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Valyooo (34.27)

Why "value investing" is really trading, and why I love investing



March 15, 2011 – Comments (6)

A lot of people have a negative connotation of trading.  I am not sure why, because unless you are an investment banker taking a company public, whether or not your style is "trading" or "investing", you are adding no more value than the other.  If you find trading more profitable, trade.  If you find investing more profitable, invest.  Investing has the tax benefits, but some people make a lot of money trading.  I do both, but I enjoy the trading more.

However, I don't understand how "value investing" is really investing.  You are buying a company because you think it is cheap, and you are selling it when it becomnes expensive.  The company could be a piece of crap and still be a "value".  An investment is more of a belief about a company continuing to prosper.  The price ratios shouldn't be as important, as long as its not ridiculously expensive.  As Buffett said, its better to buy a good company at a fair price than a fair company at a good price.  Value investing is not seen as trading because of its time frame...but who said trades cant be long term?

Also, one of the reasons I want to do this for a living (trading/investing) one day (hopefully sooner than later) is because it forces me to learn about everything.  I need to know how everything has an effect on everything so I undestand the price action, and so I can find undervalued sectors.  I spend most of my free time reading while my roomates get drunk (I can still party hard though) and no other profession really has this kind of advantage.

6 Comments – Post Your Own

#1) On March 16, 2011 at 1:50 AM, thecherryz (81.17) wrote:

I'd say that investing generally has a qualitative approach whereas trading has a short-term time frame and is generally done with either sector bets or a fundamental approach.  Swing trading is still trading even though the time period can be in months.  What about activist investing.  I'd say that these people do add value to the company (generally).  

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#2) On March 16, 2011 at 3:03 AM, Valyooo (34.27) wrote:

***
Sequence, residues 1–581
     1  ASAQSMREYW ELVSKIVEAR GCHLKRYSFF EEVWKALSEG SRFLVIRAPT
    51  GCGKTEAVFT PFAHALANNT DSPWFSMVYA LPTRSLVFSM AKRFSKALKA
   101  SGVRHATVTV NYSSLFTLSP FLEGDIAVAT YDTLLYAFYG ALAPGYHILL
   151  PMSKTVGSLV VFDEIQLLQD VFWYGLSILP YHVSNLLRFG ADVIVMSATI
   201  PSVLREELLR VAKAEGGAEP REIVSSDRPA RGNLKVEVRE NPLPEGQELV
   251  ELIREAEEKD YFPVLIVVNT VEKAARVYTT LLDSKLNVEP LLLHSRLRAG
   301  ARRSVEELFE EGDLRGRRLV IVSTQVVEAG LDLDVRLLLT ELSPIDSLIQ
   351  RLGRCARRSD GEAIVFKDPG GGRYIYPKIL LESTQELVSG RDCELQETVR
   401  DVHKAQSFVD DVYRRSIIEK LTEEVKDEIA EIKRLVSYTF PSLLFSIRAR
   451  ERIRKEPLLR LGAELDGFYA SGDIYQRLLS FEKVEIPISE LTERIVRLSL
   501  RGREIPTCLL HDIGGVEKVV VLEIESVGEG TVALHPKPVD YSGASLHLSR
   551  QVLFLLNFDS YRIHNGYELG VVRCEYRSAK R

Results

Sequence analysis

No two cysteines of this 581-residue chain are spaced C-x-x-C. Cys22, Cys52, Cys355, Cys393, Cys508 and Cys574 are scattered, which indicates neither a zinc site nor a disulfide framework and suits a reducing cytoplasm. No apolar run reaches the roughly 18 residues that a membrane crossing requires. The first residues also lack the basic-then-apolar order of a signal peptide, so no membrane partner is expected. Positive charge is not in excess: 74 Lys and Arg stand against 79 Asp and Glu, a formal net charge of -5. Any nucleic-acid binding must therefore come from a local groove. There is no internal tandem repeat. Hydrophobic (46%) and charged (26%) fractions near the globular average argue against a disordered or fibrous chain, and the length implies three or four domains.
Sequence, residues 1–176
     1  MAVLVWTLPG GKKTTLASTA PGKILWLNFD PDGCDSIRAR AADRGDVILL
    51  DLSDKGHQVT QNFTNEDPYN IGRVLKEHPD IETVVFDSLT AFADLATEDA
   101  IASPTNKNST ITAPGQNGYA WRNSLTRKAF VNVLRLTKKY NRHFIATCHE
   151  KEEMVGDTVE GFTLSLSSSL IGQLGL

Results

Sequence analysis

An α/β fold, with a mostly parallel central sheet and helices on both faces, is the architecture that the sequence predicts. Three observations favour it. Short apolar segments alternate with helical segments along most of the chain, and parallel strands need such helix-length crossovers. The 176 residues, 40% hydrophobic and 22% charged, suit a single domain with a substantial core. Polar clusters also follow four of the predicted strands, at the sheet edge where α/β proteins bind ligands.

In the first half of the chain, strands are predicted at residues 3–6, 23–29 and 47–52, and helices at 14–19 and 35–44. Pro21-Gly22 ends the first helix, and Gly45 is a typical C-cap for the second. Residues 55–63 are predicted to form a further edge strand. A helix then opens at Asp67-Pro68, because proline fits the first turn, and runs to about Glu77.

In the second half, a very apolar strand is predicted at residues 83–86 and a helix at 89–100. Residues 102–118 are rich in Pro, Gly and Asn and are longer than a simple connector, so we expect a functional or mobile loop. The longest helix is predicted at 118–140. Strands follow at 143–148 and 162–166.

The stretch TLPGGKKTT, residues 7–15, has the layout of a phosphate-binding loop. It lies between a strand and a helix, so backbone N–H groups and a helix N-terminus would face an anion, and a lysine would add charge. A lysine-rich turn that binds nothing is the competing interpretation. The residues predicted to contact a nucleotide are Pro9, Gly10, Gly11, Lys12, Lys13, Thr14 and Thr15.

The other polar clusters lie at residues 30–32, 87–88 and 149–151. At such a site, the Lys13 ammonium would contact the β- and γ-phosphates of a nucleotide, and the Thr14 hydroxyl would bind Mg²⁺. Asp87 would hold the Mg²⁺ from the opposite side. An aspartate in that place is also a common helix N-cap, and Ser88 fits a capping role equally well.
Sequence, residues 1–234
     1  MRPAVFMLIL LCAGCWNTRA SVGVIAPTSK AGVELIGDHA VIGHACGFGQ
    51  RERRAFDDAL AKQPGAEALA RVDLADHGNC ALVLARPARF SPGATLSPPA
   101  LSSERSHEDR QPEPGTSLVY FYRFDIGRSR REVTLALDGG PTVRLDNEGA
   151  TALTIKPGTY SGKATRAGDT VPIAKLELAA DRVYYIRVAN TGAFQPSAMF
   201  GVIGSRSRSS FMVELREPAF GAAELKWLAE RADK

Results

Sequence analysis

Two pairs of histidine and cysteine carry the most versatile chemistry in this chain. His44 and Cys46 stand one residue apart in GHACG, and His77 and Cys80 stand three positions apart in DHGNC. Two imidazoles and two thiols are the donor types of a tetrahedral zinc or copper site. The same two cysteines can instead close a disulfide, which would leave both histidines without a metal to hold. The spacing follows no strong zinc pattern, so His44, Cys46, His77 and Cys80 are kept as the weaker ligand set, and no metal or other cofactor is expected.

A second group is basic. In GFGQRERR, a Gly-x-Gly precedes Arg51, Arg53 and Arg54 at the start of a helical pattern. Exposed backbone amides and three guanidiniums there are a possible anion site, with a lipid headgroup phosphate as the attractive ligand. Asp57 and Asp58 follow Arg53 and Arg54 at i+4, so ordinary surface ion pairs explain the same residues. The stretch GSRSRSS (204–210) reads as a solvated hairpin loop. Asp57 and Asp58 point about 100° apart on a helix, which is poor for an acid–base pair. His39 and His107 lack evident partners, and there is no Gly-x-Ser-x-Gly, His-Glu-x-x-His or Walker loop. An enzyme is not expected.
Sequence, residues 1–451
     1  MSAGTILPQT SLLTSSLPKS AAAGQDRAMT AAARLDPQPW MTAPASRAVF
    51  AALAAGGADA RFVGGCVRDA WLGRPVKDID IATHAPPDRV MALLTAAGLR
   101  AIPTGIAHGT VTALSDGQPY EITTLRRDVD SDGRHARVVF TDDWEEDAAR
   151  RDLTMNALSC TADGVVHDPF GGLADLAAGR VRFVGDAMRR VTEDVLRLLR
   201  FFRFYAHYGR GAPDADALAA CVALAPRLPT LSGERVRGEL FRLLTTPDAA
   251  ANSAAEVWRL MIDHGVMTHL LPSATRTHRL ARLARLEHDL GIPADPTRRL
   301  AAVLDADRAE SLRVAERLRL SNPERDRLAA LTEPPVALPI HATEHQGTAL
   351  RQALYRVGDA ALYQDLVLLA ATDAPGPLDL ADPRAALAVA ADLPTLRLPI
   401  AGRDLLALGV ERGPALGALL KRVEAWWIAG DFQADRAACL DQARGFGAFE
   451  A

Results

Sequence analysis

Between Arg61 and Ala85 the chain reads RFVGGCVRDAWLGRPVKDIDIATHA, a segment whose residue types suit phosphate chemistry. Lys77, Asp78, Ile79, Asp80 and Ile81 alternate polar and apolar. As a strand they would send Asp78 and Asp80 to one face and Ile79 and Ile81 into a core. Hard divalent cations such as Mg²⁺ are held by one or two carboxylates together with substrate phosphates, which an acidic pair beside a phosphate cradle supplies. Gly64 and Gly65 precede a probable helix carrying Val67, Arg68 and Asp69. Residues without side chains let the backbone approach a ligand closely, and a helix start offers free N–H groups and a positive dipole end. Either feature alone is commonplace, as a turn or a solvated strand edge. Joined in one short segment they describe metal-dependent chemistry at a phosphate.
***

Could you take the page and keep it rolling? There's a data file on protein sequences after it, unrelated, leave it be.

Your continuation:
To me, trading is about buying the stock and investing is about buying the company

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#3) On March 17, 2011 at 7:41 PM, Investor89 (41.71) wrote:

I'm also a college student who spends a lot of time on the financial markets, altough I take the time from my studies to do that instead of my drinking-time. An investment is based on your calculator&pen as well as thougt, and for the longterm. Trading is based on a ruler&pencil for short term gains. The latter is improfitable most of the people who try it. For people like you and me it's almost impossible to make serious money out of it because of the transaction costs.

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#4) On March 17, 2011 at 7:59 PM, TheDumbMoney (67.34) wrote:

Hey there, I would say that both "speculating" and "value investing" are both forms of "trading."  I think you are maybe using "trading" both as a word-substitute for "speculating" and also as the composite of what both "speculating" and "value investing" are.  

Also I think all forms of "value investing" inherently have some speculative component, unless one's information is perfect, and even then they have a speculative component because new crap may happen.  To me, charting, sector-shifting, mood-gauging, buying a company that makes a cool product on that basis alone, etc., are all on the more speculative side.  Short-selling is interesting because it is on the speculative side, but short-sellers I have known and read about are typically VERY fundamentalist investors who simply are doing the converse of value investors, pointing out that a stock has become totally unmoored from economic reality on the up-side. 

I certainly agree that one can be succesful at either speculating/trading and "value investing".  History is replete with examples of spectacular failures and successes on both sides of the aisle, and also amongst those who mix them.

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#6) On March 18, 2011 at 4:11 PM, Valyooo (34.27) wrote:


The problem with shorting based on fundamentals is its much more  dangerous to average down.  Shorting based on fundamentals also usually needs some sort of catalyst.

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